• 30+ people died in floods in the south of Kazakhstan asheavy rains and melting snow resulted in the undercutting and bursting of the Kyzyl- Agash reservoir dam in the Alma-Ata region
  • As a result of high water in the region, railway travel ground to a halt, highwayswere sealed off, and searchand rescue operations were accelerated.
  • FLOODING IN KAZAKHSTAN
  • FLOODING SOUTH OF KAZAKHSTAN
  • FLOODING IN KAZAKHSTAN
  • Kazakhstan’s President,Nursultan Nazarbayev,ordered a governmentcommission to be set up, andinitiated actions to clean upthe damage and providesupport for the flood victims.
  • 2012 FLASH FLOOD DISASTER JULY 2012
  • JULY 2012 FLASH FLOOD DISASTER• The 2012 Russian floods occurred in Krasnodar Krai (southwest Russia near the coast of the Black sea as the result of the equivalent of five months of rain (275 mm (10 inches) falling overnight.
  • JULY 2012 FLASH FLOOD DISASTER• 144 people died during the floods.• The floods damaged the homes of nearly 13,000 people.
  • JULY 2012 FLASH FLOOD DISASTER• Approximately 30,000 people were adversely impacted by the floods.
  • JULY 2012 FLASH FLOOD
  • JULY 2012 FLASH FLOOD
  • WITH ITS MANY RIVERS,RUSSIA’S NEXT FLOOD IS INEVITABLE • ---SO, DON’T WAIT FOR ANOTHER REMINDER OF THE IMPORTANCE OF BECOMING FLOOD DISASTER RESILIENT..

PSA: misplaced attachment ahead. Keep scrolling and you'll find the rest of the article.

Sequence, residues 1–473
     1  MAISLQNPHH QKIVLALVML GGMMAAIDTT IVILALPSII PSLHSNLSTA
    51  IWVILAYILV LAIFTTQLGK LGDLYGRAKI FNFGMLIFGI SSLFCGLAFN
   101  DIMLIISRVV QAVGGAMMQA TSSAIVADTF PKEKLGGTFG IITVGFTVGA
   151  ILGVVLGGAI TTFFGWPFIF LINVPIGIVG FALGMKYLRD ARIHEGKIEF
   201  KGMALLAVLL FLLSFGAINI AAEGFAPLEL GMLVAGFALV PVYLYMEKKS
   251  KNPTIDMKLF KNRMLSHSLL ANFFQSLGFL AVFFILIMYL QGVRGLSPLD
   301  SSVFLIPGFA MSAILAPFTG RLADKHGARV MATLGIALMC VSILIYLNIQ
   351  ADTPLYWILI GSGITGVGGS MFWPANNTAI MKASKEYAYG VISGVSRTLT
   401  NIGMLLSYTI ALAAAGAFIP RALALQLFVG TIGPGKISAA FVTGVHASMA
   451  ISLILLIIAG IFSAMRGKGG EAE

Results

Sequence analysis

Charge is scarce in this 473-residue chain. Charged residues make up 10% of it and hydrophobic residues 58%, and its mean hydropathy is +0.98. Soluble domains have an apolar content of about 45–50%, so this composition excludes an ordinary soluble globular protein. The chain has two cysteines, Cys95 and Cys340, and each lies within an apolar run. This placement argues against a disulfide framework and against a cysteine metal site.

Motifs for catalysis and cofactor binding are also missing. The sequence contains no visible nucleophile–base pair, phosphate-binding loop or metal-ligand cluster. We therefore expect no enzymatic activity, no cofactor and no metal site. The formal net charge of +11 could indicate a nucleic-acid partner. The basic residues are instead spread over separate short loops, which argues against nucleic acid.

• THE ALTERNATIVE TO A FLOOD DISASTER ISFLOOD DISASTER RESILIENCE
  • FLOOD RISK ACCEPTABLE RISK• FLOOD HAZARDS•INVENTORY RISK•VULNERABILITY UNACCEPTABLE RISK•LOCATION FLOOD DISASTER RESILIENCE DATA BASES RUSSIA’S AND INFORMATION COMMINITIES POLICY OPTIONS •PREPAREDNESSHAZARDS: •PROTECTIONGROUND SHAKINGGROUND FAILURE •FORECASTS/SCENARIOSSURFACE FAULTINGTECTONIC DEFORMATION •EMERGENCY RESPONSETSUNAMI RUN UP •RECOVERY andAFTERSHOCKS RECONSTRUCTION
  • DISASTER RESILIENCE STRATEGIES FOR FLOODS• PURPOSE • TECHNIQUE• PROTECTION • WETLANDS, RESERVOIRS, LEVEES, DAMS• THREAT • REMOTE SENSING; IDENTIFICATION COMMUNICATION AND WARNING TECHNOLOGIES
  • LESSONS LEARNED ABOUT DISASTER RESILIENCEALL FLOODS TECHNOLOGIES THAT FACILITATE THREAT IDENTI- FICATION FOR SMART COUNTER- MEASURES IS ESSENTIAL FOR DISASTER RESILIENCE
  • EXAMPLE OF FLOODPROTECTION: A DAM
  • LESSONS LEARNED ABOUT DISASTER RESILIENCEALL FLOODSPREPAREDNESS FOR ALL THE LIKELY FLOOD HAZARDS (E.G., HAZARDOUS MATERIALS SPILL) IS ESSENTIAL FOR DISASTER RESILIENCE
  • LESSONS LEARNED ABOUT DISASTER RESILIENCEALL FLOODS TIMELY EMERGENCY RESPONSE IS ESSENTIAL FOR DISASTER RESILIENCE
  • DISASTER RESILIENCE STRATEGIES FOR FLOODS• PURPOSE • TECHNIQUE• DO NOT BUILD IN • URBAN PLANNING THE FLOODPLAIN • A FLOOD• FACILITATE INSURANCE RECOVERY AND PROGRAMME RECONSTRUCTION